Eizo ColorEdge CG2700X test: when things have to be just right
Product test

Eizo ColorEdge CG2700X test: when things have to be just right

Samuel Buchmann
27.12.2023
Translation: Patrik Stainbrook

Eizo’s ColorEdge CG2700X is quite expensive for a 27-inch screen diagonal. On the other hand, the monitor I tested is impressive with it’s outstanding picture quality and sophisticated functions.

Anyone who prints photos knows colour management is a snake pit. One of the most common sources for errors between recording and the end product is the monitor. If it displays the image incorrectly, a print will look different later on. If it doesn’t adequately cover the chosen colour space, you’ll be flying blind when editing.

The Eizo ColorEdge CG2700X is designed to save you from all this. Thanks to integrated calibration, there’s no need to fiddle with colorimeters and third-party software. Eizo also promises image quality that meets professional standards. The Japanese manufacturer has set the price accordingly high.

Eizo ColorEdge CG2700X (3840 x 2160 Pixels, 27")
G
2378.– CHF

Eizo ColorEdge CG2700X

3840 x 2160 Pixels, 27"

Eizo ColorEdge CG2700X (3840 x 2160 Pixels, 27")
Monitor
2378.– CHF

Eizo ColorEdge CG2700X

3840 x 2160 Pixels, 27"

G

Is the investment worthwhile? I give the monitor a test during everyday use and for fine art printing.

Design and connections: function over form

The CG2700X isn’t stylish. It’s a big black block. The display edges are thick by today’s standards – on the top, this is partly due to the integrated calibration sensor. Combined with the round stand, the screen sports an ancient look. Eizo subordinates form to function.

The wide screen edge houses the sensor at the top. It could probably be thinner on the left and right, but that’d look strange.
The wide screen edge houses the sensor at the top. It could probably be thinner on the left and right, but that’d look strange.
Source: Samuel Buchmann

The manufacturing standard and materials are solid and the ergonomics are excellent. I can greatly adjust the monitor up and down, tilt it and rotate it 90 degrees. The resistances of the springs and hinges are perfectly balanced. Only the pillar concerns me. It could be stabler. The CG2700X wobbles a little more and longer than other models when I bump into the table.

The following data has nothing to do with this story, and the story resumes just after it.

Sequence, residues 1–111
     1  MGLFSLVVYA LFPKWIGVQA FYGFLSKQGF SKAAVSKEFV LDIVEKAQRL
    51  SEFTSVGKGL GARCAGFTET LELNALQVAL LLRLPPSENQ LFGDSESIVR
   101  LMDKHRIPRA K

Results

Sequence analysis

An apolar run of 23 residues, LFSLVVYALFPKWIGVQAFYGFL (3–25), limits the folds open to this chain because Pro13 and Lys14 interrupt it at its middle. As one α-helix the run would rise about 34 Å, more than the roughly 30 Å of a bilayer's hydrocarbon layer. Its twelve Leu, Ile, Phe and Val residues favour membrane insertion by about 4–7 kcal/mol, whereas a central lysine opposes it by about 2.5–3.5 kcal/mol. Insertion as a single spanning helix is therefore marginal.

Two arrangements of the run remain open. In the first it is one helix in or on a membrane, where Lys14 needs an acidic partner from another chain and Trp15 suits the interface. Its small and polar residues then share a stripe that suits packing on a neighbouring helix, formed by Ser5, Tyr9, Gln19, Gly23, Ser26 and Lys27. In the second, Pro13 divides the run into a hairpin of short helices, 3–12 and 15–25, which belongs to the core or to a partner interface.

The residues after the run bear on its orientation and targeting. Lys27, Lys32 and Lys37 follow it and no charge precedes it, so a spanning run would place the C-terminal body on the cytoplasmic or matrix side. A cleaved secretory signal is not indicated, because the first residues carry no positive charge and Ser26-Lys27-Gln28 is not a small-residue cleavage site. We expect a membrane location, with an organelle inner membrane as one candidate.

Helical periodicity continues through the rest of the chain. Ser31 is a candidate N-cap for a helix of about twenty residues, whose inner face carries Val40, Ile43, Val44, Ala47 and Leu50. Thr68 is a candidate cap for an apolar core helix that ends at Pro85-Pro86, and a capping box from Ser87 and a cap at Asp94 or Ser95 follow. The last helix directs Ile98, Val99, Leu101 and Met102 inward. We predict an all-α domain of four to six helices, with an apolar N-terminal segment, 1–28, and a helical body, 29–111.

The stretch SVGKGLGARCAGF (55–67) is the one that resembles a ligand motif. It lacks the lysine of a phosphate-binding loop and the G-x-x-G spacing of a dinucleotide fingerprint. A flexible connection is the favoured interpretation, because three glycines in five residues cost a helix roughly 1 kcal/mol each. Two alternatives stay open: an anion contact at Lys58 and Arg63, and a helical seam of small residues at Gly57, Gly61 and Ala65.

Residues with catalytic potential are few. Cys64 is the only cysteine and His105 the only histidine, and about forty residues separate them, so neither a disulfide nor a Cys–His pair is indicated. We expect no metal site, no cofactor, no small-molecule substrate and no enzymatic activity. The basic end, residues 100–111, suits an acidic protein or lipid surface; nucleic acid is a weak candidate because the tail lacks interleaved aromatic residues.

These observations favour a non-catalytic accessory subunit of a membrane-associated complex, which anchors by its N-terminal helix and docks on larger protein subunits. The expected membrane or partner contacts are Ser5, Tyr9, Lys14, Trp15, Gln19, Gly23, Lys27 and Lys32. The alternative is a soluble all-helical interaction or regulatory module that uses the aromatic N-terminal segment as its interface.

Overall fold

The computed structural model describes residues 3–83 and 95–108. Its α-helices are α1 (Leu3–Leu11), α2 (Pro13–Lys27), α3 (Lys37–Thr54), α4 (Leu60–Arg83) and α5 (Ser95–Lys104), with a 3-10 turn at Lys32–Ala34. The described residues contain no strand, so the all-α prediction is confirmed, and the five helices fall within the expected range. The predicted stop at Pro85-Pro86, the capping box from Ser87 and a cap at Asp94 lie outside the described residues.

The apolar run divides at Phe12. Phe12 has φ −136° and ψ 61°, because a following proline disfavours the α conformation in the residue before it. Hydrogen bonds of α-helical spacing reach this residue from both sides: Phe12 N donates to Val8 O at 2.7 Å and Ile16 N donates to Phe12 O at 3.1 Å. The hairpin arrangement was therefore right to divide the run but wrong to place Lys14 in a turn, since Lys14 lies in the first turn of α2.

Excess heat escapes through a fine metal grille on the back. The screen is solidly manufactured and the materials feel high-quality.
Excess heat escapes through a fine metal grille on the back. The screen is solidly manufactured and the materials feel high-quality.
Source: Samuel Buchmann

The magnetic light protection screen, part of the scope of delivery, is simply brilliant. It’s made of imitation leather with a velvet coating on the inside. I can mount it on the screen in just a few seconds. When not in use, it can be folded up to save space. A useful feature, as I only need the panel when evaluating images for printing. No need during everyday office work.

The magnetic light protection panel snaps onto the sides of the monitor. Very useful.
The magnetic light protection panel snaps onto the sides of the monitor. Very useful.
Source: Samuel Buchmann

There’s all the usual connections: DisplayPort, HDMI and USB-C. The latter not only transmits an image signal, but also supplies up to 94 watts of power. As the CG2700X also sports an Ethernet port and four USB-A ports, it’s suitable as a docking station for laptops. Just a shame I can’t connect any peripherals via USB-C. I mean come on, it’s 2023.

There are plenty of USB ports on the side. But only type A.
There are plenty of USB ports on the side. But only type A.
Source: Samuel Buchmann

Brightness and contrast: perfect tone value gradients

The LED backlight of the Eizo CG2700X is quite bright. I measure 501 nits with my i1Display Pro. In the settings, I can choose specific values in 1-nit increments – and they’re correct. The IPS panel is evenly illuminated, the biggest difference between the centre and corners is 6 per cent. The matt coating effectively reduces reflectivity. If I turn up the brightness, I can also work well in a sunny room.

My test device is evenly illuminated. This can vary, but Eizo’s ColorEdge models are known for good quality control.
My test device is evenly illuminated. This can vary, but Eizo’s ColorEdge models are known for good quality control.
Source: Samuel Buchmann

I measured a contrast ratio of 1:1450, which corresponds exactly to the manufacturer’s specification. Quite a good value for an IPS panel. What this single contrast figure doesn’t show: the Eizo CG2700X also displays perfectly graded tonal values between white and black. Gaming and office screens often show weaknesses in these areas. Their tone value curve is usually S-shaped – bright areas become even brighter, dark areas even darker. Images look crisp on a monitor, but can’t be accurately assessed for printing. The end result is disappointing as it’ll look paler than on the screen. Software calibration or proof views can reduce the problem, but bring new difficulties with them.